07-20-2012 08:46 AM
I am working with a Samsung notebook running Windows 7 Home Premium 64-bit, single Sata HDD. Ghost 15 was purchased online and downloaded as an ISO file which was then used to install Ghost. Backups are done as Independent Recovery Points (full backup) and stored on a Seagate USB 3.0-connected HDD.
I created a Recovery CD from the installed Ghost system. USB drive was connected at the time. When I try to boot with the Recovery CD (or with the original installation CD for that matter) it goes through the "Loading Files" process, but then the screen goes black and nothing else will happen. I have let it go as much as 6 hours.
I believe this is a problem related to the Windows PE environment on the recovery CD not having the correct drivers to recognize the notebook's Sata storage system. I thought Ghost was smart enough to include the necessary drivers from the machine it was created on. Is this a problem because it's a 64-bit system and the recovery CD runs in 32-bit? I have tried and failed to figure out what drivers to add manually when I create a recovery CD. The Notebook has an Intel 5 Series 4-port Sata AHCI controller.
I have tried disabling AHCI in the BIOS. This is the only option in the BIOS setup. There is no other Sata Mode setting, for instance, to tell it to run the Sata drive in IDE mode.
The only other possibility I can think of is that maybe this is a display problem(??), like at the point the screen goes black is the point where the CD-based "Windows" takes over.
I am out of ideas. if anyone has one, I would appreciate it.
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07-20-2012 11:59 AM
It shouldn't be a driver problem. If the correct drivers are not present it should still boot, you just wouldn't be able to access the drive. It may be your USB 3 drive. USB 3 is not supported, you will have to plug the drive into a USB 2 port for the recovery disk to be able to acess it.
Try unplugging any and all USB devices and boot the laptop with the disk again and see if it continues to load the version of windows on it.
You also may want to test the disk on another system so you will see the process and how long it normally takes.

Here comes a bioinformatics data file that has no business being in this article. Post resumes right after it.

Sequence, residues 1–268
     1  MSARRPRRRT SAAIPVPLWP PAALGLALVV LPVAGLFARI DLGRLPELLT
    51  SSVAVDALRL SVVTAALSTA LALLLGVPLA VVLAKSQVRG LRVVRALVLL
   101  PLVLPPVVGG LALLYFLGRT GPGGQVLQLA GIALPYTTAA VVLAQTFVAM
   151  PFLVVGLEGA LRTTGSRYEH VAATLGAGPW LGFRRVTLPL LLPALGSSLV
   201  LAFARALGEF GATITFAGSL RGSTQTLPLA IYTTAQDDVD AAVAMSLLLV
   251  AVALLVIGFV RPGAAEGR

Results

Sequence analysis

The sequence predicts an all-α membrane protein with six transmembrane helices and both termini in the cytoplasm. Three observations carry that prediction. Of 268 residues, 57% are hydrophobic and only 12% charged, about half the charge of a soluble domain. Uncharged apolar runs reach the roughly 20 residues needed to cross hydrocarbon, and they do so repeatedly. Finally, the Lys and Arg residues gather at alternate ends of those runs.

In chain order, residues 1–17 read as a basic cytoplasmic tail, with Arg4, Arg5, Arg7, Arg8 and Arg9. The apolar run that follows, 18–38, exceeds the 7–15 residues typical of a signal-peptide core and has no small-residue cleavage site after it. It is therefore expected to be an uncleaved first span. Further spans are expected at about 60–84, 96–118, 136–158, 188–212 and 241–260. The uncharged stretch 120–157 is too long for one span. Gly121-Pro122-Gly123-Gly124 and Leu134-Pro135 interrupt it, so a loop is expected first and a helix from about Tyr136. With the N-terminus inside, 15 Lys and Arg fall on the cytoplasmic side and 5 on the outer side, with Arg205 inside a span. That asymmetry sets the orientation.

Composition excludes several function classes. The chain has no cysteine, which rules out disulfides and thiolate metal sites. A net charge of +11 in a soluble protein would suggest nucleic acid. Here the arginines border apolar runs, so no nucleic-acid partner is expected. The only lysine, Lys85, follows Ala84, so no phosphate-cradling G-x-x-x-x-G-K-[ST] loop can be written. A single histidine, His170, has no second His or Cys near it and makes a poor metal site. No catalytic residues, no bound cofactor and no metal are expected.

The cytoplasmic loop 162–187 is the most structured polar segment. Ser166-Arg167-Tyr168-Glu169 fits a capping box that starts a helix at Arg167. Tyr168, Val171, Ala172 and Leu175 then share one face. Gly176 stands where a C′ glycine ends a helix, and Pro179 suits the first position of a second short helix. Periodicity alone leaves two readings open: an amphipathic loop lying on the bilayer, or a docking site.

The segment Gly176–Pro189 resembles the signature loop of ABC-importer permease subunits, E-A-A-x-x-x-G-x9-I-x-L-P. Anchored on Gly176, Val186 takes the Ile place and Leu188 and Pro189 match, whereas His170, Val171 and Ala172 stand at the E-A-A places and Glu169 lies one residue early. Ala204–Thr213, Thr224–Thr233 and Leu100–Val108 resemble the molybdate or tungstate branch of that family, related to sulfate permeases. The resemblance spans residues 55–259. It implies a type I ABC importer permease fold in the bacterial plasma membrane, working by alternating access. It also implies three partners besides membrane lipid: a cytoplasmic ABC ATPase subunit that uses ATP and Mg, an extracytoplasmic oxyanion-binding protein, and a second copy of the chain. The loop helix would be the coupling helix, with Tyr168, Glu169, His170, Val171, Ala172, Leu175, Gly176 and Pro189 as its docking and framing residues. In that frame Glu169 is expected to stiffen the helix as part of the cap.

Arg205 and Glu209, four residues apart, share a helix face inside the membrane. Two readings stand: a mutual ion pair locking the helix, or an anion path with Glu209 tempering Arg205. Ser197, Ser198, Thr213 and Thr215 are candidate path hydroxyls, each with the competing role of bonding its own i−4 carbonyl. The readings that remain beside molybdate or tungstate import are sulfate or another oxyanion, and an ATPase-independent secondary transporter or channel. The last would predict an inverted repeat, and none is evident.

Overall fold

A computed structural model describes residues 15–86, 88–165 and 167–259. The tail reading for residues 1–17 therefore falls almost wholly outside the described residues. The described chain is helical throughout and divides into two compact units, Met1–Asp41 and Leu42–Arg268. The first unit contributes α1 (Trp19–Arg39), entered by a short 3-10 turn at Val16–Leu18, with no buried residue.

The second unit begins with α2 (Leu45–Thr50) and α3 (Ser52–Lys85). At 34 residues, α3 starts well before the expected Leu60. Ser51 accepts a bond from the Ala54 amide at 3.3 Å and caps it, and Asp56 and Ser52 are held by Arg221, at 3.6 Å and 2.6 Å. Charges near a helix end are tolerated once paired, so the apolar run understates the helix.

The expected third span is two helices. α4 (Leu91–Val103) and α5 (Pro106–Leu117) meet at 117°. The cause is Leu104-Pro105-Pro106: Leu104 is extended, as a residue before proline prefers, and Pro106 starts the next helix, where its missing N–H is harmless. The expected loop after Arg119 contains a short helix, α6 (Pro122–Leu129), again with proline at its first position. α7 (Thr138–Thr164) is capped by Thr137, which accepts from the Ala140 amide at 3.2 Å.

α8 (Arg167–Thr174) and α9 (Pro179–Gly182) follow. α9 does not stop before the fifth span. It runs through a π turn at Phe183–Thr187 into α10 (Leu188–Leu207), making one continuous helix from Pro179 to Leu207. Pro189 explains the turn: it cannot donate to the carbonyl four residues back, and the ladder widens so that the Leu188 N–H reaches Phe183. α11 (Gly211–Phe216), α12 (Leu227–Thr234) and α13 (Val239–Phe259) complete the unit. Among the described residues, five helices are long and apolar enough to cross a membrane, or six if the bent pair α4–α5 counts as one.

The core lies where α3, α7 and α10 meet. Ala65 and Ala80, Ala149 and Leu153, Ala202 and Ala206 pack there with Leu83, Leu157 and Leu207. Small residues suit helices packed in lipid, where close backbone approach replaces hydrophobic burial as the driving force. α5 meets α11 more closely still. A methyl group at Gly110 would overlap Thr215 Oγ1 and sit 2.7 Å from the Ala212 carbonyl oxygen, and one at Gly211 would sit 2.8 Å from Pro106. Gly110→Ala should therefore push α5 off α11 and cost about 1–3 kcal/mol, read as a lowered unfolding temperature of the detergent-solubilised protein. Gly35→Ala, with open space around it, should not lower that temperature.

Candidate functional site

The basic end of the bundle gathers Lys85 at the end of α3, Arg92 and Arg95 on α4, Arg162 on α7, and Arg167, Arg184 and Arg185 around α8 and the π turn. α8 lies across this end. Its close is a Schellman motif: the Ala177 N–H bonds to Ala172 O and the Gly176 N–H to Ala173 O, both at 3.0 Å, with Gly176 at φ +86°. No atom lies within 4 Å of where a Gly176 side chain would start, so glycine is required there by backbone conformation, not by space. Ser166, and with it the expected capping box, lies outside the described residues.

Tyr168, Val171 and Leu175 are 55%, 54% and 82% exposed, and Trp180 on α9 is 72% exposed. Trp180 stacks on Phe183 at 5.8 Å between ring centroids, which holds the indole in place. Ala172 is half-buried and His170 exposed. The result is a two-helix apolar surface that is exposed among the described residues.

07-23-2012 07:28 AM
Thanks Dave for your suggestion. I had my user (I'm supporting him remotely) disconnect the USB 3.0 drive, and for good measure, all other USB devices (mouse, printer). Same result - It starts by showing the message "Windows is loading files..." along with the progress bar. The progress bar fills left-to-right, and then the screen goes black and stays that way. We've waited as much a 6 hours.
Booting the recovery disk on a different machine, when the Loading Files part finishes, it goes right to another screen with a different-looking progress bar - the one with the green dashes repeatedly moving across it and the Microsoft Corporation trademark. It then continues into the license agreement.
I did have possession of this notebook for a while before I had to get it back to the user. I tried using the Recovery CD, the Ghost installation CD that the user created when he downloaded the product, a Recovery CD that I downloaded from Symantec's web site, and an original factory Ghost 15 installation CD. All gave the same result.
I have asked him to plug his USB stuff back in, except connect the external drive to a USB 2.0 port.
Also, on the chance that it may be a display problem, I've asked him to - if he gets the black screen again - wait several minutes. Then, assuming it has gotten to the license agreement screen, press the right arrow key once to move control the the "I Decline" button on the license agreement, and then press Exit. This would cause it to Exit and restart the system.
I'll post the results here when I get them. In the meantime, any other thoughts?
07-23-2012 01:44 PM
Is your user trying to restore the system for a reason? Is it possible the problem the user is having could be hardware related rather than software related?
The reason why I ask is because Windows PE is basically what is used by the windows installation. All video cards must provide support for a standard VGA driver because windows has never provided a way to even load graphic drivers.
One that first screen when it is loading files, what it's actually doing is copying the windows pe files into a temporary RAM drive.